UA-89062218-1

What does Athens have to do with Jerusalem?

a Faith & Reason series

 

 

When: Fridays, 2:00 – 3:00 pm

Starting Friday, Feb. 9th

2/9 | 2/16 | 2/23 | 3/9 | 3/16 | 3/23

Tertullian’s famous question, “What does Athens have to do with Jerusalem?” was rhetorical: Tertullian blamed Greek philosophy for leading Christians away from the truth.  In this seminar, we will take up this question again, pursuing it in light of its many levels of meaning.  We will explore the relations between philosophy and Scripture, the natural intellect and matters of faith, in order to discern models for the Christian intellectual life.

For more information and to RSVP, contact Elizabeth Feeney at elife@sas.upenn.edu.

Speaking Truth to Power:

How much free speech is necessary at the university today?

A Food for Thought Module

When: Wed, 1/31 | 2/7 | 2/14 | 2/21; 5:45 — 7:00 pm

Where: Harrison College House

Not since the 1960’s has there been so much speech about speech on college campuses.  Such conflicts challenge us to reflect upon issues fundamental to the university itself, including the purpose of education, the freedom of inquiry, the power of language, and the moral boundaries of community.  Join us on our quest to make sense of what’s at stake and to grapple together toward a way forward, building upon the centuries-long debate among Plato, John Stuart Mill, Judith Butler, George Orwell, and others in a relaxed community of committed—if not necessarily like-minded—students.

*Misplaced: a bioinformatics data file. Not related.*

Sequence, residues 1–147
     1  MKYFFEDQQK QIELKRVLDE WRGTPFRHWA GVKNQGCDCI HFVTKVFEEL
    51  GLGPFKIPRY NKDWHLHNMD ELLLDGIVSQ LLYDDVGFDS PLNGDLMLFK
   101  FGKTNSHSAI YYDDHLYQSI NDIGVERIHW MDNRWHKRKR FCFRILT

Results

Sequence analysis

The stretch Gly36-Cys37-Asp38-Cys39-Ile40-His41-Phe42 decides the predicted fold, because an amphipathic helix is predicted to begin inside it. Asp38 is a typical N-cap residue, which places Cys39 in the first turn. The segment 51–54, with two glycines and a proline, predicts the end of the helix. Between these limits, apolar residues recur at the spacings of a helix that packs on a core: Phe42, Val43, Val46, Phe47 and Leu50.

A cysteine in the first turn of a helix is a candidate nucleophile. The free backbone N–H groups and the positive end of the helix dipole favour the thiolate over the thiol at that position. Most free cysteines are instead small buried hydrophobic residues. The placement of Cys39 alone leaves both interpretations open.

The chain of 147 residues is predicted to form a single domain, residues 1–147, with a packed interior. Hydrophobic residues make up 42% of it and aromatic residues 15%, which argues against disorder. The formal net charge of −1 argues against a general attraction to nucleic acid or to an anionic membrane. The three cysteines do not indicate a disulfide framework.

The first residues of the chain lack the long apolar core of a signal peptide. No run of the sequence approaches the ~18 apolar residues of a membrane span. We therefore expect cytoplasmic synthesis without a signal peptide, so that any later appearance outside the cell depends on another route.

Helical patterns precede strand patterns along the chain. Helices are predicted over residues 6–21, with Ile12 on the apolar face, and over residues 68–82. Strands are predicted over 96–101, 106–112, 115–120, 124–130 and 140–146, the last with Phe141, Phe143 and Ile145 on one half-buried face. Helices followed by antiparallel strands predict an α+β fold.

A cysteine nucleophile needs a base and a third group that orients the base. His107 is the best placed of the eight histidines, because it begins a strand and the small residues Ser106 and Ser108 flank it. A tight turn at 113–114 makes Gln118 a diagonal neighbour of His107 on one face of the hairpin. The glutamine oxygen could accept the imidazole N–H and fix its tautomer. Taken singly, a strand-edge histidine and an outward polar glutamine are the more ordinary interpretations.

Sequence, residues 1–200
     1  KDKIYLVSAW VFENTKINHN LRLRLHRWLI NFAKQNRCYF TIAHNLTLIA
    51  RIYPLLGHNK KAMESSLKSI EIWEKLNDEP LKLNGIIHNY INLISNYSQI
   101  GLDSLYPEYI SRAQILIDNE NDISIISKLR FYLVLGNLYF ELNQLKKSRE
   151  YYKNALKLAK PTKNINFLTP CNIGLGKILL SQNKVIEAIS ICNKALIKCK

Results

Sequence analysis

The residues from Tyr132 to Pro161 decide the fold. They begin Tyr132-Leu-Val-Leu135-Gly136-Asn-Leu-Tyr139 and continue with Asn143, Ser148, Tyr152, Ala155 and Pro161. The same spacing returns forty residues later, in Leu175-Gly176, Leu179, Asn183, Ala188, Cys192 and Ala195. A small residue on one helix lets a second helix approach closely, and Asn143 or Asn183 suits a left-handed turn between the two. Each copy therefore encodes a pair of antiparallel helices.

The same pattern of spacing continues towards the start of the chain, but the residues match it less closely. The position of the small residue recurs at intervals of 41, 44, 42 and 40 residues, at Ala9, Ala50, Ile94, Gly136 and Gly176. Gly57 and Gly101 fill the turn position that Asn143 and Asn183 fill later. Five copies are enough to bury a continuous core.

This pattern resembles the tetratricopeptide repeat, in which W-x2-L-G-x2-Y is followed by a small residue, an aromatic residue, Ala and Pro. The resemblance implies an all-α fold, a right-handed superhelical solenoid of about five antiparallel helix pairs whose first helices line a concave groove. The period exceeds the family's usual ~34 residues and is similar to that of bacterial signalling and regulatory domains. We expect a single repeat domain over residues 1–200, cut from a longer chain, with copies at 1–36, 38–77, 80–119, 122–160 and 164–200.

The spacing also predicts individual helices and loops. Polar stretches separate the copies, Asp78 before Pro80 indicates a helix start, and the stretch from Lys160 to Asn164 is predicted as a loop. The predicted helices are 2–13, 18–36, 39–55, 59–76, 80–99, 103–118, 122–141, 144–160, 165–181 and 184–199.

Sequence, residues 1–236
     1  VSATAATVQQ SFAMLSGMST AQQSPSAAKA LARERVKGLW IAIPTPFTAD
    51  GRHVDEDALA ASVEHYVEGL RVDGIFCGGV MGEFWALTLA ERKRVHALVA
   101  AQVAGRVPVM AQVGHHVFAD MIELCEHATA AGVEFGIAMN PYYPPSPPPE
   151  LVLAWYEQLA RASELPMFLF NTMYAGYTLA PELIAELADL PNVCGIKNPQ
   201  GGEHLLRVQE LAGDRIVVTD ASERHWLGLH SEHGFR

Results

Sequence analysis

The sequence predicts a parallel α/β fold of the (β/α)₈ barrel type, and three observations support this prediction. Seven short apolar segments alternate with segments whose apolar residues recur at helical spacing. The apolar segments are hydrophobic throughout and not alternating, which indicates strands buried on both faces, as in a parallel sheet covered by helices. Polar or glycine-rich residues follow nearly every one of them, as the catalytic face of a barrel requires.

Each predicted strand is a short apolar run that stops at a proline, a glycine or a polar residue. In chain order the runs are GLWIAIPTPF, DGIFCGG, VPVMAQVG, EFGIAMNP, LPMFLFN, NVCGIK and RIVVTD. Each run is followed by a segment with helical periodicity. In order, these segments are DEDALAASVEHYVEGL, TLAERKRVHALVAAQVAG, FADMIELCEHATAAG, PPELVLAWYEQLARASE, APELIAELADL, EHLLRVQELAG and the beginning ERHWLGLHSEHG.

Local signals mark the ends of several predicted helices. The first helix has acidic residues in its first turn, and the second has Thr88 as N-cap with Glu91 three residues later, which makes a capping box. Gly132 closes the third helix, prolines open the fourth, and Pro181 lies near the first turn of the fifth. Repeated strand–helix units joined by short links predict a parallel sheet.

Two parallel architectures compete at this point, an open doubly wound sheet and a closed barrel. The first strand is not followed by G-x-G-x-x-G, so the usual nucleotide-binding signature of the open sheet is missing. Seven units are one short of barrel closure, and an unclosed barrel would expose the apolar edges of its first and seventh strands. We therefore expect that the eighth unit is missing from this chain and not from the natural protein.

Food for Thought invites undergraduate students of the University of Pennsylvania to explore perennial questions with the aid of good food and powerful texts but without the pressure of grades or papers.

Free Texts and Dinner are provided for registered participants.

Reserve your free dinner and texts by emailing Elizabeth at elife@sas.upenn.edu.

“To Be Deep in History:” Newman on the Gift of Tradition

When: Thurs, Feb 8, 2018 at 7:00 pm

Where: Penn Newman Center, Upper Lounge

3720 Chestnut St, Philadelphia, PA, 19104

 

2nd Annual John Henry Newman Lecture

featuring

Professor Thomas Pfau

Duke Divinity School

 

This lecture will explore J. H. Newman’s understanding of tradition and its relevance for humanistic and theological inquiry today. Newman is the first to contest the Enlightenment’s critique of tradition as backward, static, and as inherently prejudicial to social, political, and intellectual progress. Moving beyond the prevailing cultural and intellectual movements of the Romantic era – those of historicism and sentimentalism – Newman’s 1845 Idea of Development of Christian Doctrine outlines an understanding of tradition that proved remarkably prescient of developments in twentieth-century philosophical theology and scriptural hermeneutics. Above all, Newman shows that the many voices that comprise a tradition amount to a gift of sorts. We honor it by receiving it, not as a possession but as a temporary trust, a palimpsest of voices inviting us to interact with them and, in so doing, discover and cultivate our own voice and reason.

Join the Collegium Institute and the Penn Newman Center for this annual lecture marking the legacy of the University of Pennsylvania as the first Newman club in the United States.

RSVP HERE

Please direct any questions or comments to Elizabeth Feeney at elife@collegiuminstitute.orgRead more